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From Beale Street to Oblivion


It’s been said that Clutch has evolved into a blues band. Last year’s From Beale Street to Oblivion may have slide guitar, harmonica and organ (a fixture for three albums), but the Maryland quintet has certainly not gone blues.

I hear deeper, fatter grooves. Groove, often flirting with funk, has been the constant thread throughout Clutch’s 18-year-plus career, and here they are thick. Beale Street finds the band energized. Perhaps it was the write-on-the-road, lay-’em-down-live in the studio approach that gives the record such warmth and force. Maybe it’s that they recorded directly to tape and skipped any digitalia up front. Whatever the reason, this is an earthy recording that gives listeners the impression of lounging in the room with the band; human effects often compressed out of the mix, like breaths and string muting, are thankfully left in.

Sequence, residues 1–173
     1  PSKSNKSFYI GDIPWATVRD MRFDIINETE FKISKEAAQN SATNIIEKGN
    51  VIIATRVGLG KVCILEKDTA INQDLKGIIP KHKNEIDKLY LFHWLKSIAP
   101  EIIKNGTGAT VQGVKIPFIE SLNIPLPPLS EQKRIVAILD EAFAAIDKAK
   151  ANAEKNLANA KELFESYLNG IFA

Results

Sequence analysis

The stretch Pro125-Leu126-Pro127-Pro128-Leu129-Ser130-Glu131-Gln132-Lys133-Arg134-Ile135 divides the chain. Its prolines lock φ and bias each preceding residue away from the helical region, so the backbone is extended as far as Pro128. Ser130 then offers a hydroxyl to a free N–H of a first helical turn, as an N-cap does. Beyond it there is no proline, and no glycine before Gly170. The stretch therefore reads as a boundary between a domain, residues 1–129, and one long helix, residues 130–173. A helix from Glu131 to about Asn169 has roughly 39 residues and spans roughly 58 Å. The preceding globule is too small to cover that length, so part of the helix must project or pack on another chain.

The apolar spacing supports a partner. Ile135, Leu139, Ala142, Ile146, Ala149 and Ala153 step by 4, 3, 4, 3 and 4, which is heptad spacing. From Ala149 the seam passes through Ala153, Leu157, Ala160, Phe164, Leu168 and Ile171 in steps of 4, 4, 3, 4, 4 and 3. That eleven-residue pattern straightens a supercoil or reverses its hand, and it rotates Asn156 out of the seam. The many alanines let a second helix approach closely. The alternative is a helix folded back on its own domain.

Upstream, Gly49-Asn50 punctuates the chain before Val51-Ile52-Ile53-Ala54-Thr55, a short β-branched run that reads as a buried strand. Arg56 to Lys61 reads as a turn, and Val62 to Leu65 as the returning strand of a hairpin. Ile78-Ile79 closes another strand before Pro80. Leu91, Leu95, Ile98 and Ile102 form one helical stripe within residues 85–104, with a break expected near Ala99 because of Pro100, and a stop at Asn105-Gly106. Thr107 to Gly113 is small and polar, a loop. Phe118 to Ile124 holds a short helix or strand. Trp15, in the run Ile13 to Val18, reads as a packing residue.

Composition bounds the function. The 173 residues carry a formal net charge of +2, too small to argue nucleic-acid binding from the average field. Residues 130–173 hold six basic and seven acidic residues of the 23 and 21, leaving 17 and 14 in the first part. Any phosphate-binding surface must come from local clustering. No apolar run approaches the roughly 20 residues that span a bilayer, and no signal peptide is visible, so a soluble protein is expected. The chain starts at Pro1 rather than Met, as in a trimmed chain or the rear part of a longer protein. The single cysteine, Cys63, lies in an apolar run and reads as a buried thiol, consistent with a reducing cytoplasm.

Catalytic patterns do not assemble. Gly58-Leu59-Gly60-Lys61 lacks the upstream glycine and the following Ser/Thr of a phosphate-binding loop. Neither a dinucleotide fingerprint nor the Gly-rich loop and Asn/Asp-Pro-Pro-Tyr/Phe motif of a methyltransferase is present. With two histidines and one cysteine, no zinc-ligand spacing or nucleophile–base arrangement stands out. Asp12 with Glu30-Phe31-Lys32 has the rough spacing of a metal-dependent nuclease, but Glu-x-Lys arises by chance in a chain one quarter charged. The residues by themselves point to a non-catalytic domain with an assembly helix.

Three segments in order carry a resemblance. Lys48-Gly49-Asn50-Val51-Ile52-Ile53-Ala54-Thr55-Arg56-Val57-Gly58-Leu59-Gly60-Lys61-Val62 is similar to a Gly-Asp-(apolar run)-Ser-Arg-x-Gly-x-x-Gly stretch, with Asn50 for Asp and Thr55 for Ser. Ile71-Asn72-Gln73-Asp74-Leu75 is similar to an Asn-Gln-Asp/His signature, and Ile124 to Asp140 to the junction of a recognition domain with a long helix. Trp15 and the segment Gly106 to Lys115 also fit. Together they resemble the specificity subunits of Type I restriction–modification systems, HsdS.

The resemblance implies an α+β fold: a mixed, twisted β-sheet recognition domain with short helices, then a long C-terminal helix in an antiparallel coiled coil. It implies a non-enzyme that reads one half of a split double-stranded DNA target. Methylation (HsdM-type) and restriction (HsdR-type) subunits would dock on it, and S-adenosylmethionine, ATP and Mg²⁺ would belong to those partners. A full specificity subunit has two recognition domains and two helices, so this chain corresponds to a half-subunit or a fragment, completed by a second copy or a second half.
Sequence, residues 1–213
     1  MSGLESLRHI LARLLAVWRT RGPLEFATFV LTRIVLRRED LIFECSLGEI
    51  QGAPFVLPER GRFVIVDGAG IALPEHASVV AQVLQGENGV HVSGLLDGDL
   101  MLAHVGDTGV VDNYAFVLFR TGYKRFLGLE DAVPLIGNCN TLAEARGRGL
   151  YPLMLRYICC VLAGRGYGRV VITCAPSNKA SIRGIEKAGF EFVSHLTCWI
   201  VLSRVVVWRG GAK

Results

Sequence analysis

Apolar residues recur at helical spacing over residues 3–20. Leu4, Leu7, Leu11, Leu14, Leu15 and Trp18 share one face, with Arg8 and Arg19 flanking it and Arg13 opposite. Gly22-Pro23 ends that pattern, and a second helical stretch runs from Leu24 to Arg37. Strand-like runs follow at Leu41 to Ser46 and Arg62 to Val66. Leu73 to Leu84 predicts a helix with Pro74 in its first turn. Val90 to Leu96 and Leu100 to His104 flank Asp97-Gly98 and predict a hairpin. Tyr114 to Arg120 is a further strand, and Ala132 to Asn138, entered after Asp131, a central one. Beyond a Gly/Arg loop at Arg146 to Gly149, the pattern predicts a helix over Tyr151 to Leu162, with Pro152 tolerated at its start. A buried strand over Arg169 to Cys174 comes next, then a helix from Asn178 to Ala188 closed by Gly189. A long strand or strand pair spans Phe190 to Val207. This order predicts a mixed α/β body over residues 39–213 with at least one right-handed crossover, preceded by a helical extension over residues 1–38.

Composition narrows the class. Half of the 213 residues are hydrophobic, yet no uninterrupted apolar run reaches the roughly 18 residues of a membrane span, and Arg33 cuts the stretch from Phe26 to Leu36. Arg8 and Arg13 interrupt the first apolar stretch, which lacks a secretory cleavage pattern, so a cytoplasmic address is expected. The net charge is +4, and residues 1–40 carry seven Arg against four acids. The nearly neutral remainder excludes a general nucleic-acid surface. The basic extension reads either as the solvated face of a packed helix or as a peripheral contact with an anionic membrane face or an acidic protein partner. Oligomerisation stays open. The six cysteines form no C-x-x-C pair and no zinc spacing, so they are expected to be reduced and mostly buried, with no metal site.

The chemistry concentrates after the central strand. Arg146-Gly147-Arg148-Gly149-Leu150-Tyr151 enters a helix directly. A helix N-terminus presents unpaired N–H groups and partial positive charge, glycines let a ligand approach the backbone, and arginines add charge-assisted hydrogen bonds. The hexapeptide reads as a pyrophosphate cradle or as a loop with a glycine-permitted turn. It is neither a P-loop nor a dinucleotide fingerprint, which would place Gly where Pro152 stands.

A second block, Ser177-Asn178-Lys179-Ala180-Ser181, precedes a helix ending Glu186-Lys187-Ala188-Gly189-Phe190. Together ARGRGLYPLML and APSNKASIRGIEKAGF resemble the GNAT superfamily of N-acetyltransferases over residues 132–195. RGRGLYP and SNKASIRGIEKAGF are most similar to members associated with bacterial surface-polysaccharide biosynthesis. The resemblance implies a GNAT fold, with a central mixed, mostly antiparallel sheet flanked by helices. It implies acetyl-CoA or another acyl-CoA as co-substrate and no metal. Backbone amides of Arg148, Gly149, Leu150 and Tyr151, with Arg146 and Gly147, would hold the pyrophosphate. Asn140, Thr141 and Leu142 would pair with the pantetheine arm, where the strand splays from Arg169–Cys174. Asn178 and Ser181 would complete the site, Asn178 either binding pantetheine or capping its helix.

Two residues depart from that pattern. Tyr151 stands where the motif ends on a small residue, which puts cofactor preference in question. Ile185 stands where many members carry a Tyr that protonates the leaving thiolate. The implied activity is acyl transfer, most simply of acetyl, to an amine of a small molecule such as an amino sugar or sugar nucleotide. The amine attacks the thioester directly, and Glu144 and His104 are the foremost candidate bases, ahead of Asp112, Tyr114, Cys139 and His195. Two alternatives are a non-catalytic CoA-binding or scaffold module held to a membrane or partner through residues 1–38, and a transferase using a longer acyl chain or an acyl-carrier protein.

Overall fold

Lead vocalist Neil Fallon employs his signature stream-of-consciousness rants, but now he sings rather than bellows, a welcome improvement from his past delivery. Few can top choice lines like, “When vegans attack, on 10-speed bikes, tattoos with meaning, American Spirit lights” from “When Vegans Attack.”

From Beale Street to Oblivion is essential for Clutch fans. And rest assured, it ain’t a blues album. (Chris LaTray)

Clutch plays the Wilma Theatre Thursday, March 6, at 7:30 PM. Murder by Death and others open. $25/$23 in advance.

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